His first greatest hits album came in 2000, spending nine weeks on top of the charts. He and Faith went on a Soul2Soul Tour which turned out to be one of the most successful roadshows in early 2000s. His next studio album was titled "Set This Circus Down", released in 2001. One of the tracks, "Angry All the Time" was done with Hill.

Then in honor of his touring band, he released an album in 2002 under the title "Tim McGraw and the Dancehall Doctors". The album debuted at No. 2 on the country albums charts with the single "Real Good Man" reaching No. 1 on the Hot Country Songs chart. His 2004 album, "Live Like You Were Dying", dedicated the title track to his father, Tug, who died of brain tumor earlier in the year. It won ACM Single and Song of the Year, CMA Single and Song of the Year, and a Grammy.

Tim made a name in the acting world in 2004 when he appeared as an overbearing father of a running back on high school football drama "Friday Night Lights". He scored a leading role in 2006 feature film "Flicka" but took a small role in 2007's "The Kingdom". He also played Sandra Bullock's husband in award-winning film "The Blind Side" and his song "Southern Voice" was used at the closing credits. Another big screen role came in 2010 when he played husband of Gwyneth Paltrow in "Country Strong".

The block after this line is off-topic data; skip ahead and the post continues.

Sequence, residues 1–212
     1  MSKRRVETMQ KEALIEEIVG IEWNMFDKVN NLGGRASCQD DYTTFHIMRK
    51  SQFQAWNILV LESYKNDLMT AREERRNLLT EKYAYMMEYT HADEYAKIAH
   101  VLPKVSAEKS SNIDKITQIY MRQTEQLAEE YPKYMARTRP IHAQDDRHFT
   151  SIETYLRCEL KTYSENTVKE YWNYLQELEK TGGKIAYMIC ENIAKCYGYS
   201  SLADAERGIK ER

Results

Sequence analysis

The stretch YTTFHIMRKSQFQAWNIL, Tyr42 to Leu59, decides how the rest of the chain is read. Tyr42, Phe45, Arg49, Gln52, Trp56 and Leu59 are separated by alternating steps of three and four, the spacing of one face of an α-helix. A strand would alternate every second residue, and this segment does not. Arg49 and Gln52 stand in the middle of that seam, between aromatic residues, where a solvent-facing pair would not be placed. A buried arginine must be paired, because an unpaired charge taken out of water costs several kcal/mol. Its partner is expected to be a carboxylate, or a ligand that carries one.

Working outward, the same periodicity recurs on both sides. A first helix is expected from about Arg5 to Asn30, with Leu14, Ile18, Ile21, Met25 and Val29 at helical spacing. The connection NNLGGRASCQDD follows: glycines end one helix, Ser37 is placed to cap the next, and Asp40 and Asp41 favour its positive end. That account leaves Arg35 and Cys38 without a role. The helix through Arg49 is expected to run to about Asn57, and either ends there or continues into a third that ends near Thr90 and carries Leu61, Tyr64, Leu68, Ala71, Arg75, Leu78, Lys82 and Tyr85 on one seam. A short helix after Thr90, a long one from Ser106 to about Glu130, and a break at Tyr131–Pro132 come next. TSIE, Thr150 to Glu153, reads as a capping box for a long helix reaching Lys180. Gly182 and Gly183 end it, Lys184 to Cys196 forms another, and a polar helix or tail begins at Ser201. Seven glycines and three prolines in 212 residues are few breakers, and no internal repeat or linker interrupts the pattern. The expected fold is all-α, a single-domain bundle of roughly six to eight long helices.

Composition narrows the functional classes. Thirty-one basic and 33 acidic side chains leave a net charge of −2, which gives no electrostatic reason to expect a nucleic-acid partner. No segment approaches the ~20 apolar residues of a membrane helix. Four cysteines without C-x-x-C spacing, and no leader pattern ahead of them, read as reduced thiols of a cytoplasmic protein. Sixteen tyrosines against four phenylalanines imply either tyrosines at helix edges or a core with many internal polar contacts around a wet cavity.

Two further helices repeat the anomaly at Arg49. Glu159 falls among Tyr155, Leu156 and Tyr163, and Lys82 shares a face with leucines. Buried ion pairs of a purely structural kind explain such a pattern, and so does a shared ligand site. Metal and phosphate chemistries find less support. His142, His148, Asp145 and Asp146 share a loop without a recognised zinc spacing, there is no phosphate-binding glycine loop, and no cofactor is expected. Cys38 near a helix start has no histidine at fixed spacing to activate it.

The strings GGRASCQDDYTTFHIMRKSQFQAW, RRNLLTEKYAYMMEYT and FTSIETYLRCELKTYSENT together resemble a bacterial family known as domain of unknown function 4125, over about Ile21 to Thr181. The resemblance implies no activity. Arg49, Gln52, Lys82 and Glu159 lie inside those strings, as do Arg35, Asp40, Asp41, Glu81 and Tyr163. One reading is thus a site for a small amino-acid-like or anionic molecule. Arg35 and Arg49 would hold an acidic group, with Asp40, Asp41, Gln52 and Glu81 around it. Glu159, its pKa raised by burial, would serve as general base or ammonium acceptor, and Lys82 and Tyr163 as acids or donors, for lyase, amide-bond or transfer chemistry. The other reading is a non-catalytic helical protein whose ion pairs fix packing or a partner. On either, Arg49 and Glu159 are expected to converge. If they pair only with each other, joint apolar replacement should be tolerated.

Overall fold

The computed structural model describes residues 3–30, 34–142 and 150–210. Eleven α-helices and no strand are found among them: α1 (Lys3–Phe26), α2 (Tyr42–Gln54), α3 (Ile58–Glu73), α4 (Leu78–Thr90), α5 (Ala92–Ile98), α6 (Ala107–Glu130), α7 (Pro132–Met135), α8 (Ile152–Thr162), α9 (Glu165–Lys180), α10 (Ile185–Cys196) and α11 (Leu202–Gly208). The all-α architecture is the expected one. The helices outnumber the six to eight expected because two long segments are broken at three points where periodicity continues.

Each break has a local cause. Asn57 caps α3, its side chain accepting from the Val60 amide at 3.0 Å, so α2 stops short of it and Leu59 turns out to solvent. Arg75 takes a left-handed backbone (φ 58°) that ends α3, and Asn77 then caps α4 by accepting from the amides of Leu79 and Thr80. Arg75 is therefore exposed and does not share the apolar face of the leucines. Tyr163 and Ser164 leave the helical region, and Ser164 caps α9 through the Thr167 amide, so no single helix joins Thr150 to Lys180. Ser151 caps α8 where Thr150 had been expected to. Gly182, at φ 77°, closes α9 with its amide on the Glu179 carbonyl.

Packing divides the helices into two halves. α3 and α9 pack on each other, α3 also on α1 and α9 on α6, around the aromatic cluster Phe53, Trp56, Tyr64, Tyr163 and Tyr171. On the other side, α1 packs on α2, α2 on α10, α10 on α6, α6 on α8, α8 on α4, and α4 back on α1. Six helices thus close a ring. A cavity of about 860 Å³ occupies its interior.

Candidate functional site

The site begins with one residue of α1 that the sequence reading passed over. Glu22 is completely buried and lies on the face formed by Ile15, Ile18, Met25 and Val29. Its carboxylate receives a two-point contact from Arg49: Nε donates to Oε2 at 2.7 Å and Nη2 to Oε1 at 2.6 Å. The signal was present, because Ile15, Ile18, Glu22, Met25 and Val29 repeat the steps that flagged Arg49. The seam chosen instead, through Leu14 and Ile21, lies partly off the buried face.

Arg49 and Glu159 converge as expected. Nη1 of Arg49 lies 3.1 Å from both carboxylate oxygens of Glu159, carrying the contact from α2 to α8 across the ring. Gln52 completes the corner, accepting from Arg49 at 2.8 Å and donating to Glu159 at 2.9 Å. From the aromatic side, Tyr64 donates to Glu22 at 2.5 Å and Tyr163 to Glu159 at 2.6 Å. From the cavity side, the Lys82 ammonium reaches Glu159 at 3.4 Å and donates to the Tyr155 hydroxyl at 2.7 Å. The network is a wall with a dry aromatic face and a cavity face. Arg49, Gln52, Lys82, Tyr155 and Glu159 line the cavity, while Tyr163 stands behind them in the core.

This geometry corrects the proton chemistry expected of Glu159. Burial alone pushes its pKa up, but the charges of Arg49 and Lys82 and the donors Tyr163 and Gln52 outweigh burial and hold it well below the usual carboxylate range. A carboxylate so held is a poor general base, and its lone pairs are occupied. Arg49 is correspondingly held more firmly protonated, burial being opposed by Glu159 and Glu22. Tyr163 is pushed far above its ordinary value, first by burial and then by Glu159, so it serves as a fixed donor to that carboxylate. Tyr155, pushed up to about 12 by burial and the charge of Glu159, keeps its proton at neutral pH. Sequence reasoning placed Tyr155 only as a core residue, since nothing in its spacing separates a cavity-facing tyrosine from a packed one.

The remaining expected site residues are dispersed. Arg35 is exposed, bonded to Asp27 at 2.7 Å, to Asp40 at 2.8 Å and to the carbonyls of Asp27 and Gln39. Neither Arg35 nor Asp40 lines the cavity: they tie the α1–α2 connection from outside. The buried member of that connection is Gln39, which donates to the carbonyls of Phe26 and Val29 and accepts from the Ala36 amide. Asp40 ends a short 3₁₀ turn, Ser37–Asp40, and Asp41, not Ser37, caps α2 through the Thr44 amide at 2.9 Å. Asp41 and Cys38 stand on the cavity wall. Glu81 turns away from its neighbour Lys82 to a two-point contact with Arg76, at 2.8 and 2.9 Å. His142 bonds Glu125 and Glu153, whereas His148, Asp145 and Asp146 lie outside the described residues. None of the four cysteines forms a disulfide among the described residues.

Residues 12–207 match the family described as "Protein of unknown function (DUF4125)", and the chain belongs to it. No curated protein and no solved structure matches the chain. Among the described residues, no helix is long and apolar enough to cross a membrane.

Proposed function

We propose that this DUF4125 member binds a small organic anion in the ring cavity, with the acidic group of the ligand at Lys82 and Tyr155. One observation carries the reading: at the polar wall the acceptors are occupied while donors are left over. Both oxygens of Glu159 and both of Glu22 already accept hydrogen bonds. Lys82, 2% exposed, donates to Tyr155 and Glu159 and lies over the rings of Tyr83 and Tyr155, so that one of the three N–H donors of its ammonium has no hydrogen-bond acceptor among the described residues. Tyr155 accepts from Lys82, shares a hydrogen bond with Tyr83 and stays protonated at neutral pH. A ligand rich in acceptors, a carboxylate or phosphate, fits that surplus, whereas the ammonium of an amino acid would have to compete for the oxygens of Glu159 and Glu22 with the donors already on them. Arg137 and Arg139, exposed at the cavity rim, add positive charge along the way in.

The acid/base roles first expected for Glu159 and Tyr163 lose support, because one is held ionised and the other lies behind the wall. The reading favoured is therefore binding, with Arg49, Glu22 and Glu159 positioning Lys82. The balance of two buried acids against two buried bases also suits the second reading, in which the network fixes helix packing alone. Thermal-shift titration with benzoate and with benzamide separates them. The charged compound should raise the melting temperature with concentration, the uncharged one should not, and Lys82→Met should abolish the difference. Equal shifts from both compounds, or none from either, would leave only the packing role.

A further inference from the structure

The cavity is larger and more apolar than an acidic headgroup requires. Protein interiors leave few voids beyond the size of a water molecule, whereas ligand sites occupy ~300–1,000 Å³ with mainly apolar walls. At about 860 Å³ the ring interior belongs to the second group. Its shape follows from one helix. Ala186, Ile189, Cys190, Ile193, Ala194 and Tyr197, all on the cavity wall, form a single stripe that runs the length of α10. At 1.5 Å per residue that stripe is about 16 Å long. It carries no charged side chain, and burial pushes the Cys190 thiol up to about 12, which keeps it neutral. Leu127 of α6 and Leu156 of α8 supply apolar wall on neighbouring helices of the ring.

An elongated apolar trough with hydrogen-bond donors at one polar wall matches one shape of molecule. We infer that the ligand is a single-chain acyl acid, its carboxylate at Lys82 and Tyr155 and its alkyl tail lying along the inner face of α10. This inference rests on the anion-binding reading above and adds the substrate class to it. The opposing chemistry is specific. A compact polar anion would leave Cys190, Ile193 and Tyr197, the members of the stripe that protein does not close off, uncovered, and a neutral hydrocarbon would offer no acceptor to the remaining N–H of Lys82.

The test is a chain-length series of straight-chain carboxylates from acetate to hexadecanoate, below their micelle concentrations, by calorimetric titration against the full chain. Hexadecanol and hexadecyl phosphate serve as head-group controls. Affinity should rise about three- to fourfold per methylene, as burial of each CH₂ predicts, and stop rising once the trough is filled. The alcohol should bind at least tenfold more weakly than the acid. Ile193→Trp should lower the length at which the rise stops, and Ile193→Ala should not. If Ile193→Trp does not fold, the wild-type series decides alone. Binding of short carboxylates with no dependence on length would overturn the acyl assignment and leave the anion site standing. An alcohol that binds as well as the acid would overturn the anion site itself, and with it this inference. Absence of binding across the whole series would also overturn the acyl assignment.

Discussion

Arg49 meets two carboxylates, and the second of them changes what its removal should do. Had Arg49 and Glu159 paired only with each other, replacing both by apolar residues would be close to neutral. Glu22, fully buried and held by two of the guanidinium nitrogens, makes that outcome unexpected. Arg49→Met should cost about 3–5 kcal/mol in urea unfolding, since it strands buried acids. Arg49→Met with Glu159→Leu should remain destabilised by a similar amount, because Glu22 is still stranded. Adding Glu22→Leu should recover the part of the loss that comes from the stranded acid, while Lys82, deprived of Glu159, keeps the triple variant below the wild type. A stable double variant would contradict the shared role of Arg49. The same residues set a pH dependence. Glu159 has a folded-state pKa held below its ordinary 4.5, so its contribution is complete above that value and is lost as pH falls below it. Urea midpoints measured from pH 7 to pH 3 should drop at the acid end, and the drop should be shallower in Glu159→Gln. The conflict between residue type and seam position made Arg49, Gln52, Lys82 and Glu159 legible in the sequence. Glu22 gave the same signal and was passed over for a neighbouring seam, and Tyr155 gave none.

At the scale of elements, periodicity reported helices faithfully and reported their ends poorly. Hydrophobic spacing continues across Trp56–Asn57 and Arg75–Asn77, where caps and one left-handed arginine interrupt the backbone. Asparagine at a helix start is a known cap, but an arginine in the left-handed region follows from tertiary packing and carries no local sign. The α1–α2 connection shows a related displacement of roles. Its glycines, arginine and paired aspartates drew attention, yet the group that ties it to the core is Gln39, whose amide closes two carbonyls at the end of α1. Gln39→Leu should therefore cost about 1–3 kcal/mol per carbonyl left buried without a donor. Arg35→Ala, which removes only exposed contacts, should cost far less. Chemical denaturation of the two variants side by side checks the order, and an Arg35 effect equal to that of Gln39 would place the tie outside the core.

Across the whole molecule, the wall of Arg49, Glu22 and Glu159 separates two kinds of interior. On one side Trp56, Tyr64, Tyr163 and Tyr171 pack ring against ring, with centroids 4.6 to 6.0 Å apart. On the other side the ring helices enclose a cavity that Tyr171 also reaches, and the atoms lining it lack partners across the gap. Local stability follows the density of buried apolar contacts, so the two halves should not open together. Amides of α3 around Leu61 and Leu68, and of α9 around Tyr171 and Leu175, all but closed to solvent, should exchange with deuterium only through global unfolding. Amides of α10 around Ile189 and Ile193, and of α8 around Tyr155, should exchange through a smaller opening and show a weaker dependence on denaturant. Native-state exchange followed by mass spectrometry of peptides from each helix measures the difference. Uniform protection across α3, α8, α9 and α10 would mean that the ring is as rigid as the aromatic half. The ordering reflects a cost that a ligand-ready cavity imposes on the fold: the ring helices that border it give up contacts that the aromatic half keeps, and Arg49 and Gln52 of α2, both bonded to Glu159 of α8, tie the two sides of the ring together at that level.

In order to shake things up, he made a collaboration with rapper Nelly on the song "Over and Over". It went on becoming a hit, spending 10 weeks in the Top 40 chart. The second Soul2Soul concert series began in April 2006 and grossed nearly $89 million. Hurricane Katrina inspired the couple to donate all of the profits from their performance in New Orleans.

His seventh album "Let It Go" was released in March 2007 with first single "Last Dollar (Fly Away)". Both the single and the album hit number one in their respective charts. Again, Tim attempted to do a crossover, this time being featured in Def Leppard's album "Songs from the Sparkle Lounge". McGraw also went solo in his 2008 tour Live Your Voice. In the same year, his third greatest hits album hit the shelves but Tim reportedly did not endorse the release.

"Southern Voice" came in October 2009 with "It's a Business Doing Pleasure With You" as the lead single. His fourth greatest hits album followed in November 2010, being released by Curb Records which was already in rough patches with the country singer at that time. Tim recorded "'Emotional Traffic" as his last album with the label, but the company filed a breach-of-contract suit against him, alleging Tim recorded tracks for his album too early prior to its delivery to the label.

Tim launched a counter suit and trial dates began to roll. A judge, nevertheless, allowed Tim to record music with another label. His two decades partnership with Curbs would end after the release of "Emotional Traffic" on January 17, 2012.